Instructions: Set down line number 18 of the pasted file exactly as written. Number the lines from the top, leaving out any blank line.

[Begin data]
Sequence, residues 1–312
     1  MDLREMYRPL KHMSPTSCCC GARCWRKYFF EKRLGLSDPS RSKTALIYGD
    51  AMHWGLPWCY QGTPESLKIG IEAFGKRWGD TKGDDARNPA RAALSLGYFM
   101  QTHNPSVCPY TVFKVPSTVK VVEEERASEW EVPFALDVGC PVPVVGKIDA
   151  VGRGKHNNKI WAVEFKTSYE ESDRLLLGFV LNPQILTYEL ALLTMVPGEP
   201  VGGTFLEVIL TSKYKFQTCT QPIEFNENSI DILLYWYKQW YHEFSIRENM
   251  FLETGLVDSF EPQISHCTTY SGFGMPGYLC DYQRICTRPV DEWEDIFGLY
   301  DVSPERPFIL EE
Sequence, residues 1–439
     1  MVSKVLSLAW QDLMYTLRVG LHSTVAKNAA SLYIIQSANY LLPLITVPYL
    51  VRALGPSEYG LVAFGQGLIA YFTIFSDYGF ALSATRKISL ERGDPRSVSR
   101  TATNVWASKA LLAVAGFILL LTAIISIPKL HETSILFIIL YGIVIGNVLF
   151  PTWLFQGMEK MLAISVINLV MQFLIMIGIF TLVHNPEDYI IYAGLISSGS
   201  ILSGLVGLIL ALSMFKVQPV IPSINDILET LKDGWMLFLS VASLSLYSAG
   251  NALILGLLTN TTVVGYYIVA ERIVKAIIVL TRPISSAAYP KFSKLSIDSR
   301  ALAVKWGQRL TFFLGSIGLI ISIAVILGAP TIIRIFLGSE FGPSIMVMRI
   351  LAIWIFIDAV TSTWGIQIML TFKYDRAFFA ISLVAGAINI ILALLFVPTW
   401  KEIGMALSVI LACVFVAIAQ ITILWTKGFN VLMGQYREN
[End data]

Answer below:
   401  KEIGMALSVI LACVFVAIAQ ITILWTKGFN VLMGQYREN